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The Blumenthal House is among the very best houses in the ‘International Modernist” style in New Zealand. It is one of very few New Zealand houses of any period to be published internationally.

 

The house is considered to be the best work of Vladimir Cacala. Cacala arrived in New Zealand from Czechoslovakia in 1952, and quickly established a reputation as an architect of the Bauhaus school. Vladimir Cacala was trained in modern architecture in a part of Europe that had embraced modernism before the war. He brought that knowledge and experience with him to New Zealand. His life and work demonstrates the huge cultural shifts of the 20th Century, and is a significant example of the cultural contribution made by European emigres to New Zealand society in the post war years.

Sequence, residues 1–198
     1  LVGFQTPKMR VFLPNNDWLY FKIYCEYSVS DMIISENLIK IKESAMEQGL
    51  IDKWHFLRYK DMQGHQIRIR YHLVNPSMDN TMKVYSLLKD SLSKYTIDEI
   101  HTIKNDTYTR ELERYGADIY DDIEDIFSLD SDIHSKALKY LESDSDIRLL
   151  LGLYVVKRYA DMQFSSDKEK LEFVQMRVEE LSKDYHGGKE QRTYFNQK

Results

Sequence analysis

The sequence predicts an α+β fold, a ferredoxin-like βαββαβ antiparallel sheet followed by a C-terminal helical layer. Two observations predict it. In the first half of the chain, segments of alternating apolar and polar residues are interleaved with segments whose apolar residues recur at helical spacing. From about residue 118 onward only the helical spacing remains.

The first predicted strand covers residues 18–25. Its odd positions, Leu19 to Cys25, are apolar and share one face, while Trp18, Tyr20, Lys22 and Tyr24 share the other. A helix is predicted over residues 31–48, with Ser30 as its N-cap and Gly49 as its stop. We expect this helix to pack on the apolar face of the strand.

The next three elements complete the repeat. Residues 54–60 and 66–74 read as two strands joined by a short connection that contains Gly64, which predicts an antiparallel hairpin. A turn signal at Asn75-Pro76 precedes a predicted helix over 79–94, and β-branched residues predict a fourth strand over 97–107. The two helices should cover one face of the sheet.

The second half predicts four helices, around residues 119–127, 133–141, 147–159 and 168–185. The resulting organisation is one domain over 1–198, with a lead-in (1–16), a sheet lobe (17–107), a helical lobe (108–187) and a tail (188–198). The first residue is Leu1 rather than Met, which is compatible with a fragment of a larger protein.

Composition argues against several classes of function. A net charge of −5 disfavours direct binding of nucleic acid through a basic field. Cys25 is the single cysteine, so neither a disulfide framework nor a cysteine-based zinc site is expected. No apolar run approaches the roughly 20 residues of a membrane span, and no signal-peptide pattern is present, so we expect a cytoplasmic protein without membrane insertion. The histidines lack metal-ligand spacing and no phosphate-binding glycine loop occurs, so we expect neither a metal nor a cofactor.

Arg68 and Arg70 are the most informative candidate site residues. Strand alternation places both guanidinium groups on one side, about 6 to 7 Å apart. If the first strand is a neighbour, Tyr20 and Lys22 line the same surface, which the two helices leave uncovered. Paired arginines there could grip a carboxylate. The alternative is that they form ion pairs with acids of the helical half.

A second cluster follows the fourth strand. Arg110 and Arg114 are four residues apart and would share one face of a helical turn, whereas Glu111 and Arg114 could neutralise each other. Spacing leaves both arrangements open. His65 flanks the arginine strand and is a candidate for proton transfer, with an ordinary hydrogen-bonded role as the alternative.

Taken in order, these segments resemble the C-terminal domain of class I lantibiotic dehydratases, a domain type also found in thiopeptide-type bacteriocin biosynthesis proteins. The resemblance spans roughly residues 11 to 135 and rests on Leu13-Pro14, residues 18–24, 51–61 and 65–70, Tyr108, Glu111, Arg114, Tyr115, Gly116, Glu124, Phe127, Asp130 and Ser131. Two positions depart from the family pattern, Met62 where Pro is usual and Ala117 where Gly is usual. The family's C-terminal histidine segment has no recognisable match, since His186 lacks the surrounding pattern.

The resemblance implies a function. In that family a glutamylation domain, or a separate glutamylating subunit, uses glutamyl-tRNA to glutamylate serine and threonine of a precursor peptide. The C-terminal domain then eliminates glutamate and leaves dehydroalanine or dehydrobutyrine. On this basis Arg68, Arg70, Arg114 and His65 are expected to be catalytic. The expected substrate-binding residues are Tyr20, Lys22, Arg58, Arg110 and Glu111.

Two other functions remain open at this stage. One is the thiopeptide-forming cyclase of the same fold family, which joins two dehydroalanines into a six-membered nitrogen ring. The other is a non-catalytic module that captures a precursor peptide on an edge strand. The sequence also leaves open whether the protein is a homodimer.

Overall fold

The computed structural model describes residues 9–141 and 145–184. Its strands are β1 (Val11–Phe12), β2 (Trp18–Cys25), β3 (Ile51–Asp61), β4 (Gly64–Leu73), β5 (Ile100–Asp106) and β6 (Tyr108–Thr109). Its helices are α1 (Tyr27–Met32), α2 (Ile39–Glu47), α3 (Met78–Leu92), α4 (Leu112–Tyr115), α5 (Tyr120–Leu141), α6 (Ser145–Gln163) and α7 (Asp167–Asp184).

The Blumenthals were also emigres to New Zealand. Their personal story connects New Zealand to the greater arc of 20th Century history, particularly the effects on Europe of the rise of Fascism, anti-semitism and the massive disturbances to populations and cultures caused by the Second World War. The arrival of the Blumenthals in New Zealand was a consequence of those events that has resulted in our country becoming a richer place thanks to their contribution to cultural life, including but certainly not limited to, the commissioning of this house.

 

The house is also an excellent example of building in the post war period. The house represents the changes that occurred in the Eastern suburbs of Auckland in the post war years, the rapid subdivision of what was farmland; the beginnings of the post war suburbs.